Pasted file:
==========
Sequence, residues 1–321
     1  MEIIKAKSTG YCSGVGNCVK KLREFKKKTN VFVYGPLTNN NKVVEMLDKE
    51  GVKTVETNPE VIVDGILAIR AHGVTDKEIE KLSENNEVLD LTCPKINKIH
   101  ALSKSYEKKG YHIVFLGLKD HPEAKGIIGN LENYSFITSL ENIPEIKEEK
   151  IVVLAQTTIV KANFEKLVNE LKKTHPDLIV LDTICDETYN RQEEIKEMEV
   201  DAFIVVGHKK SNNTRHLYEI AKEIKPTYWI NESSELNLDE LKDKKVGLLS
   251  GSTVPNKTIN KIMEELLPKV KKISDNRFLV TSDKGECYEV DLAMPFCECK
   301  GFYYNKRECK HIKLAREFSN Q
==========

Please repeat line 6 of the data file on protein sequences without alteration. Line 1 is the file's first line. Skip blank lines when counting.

   201  DAFIVVGHKK SNNTRHLYEI AKEIKPTYWI NESSELNLDE LKDKKVGLLS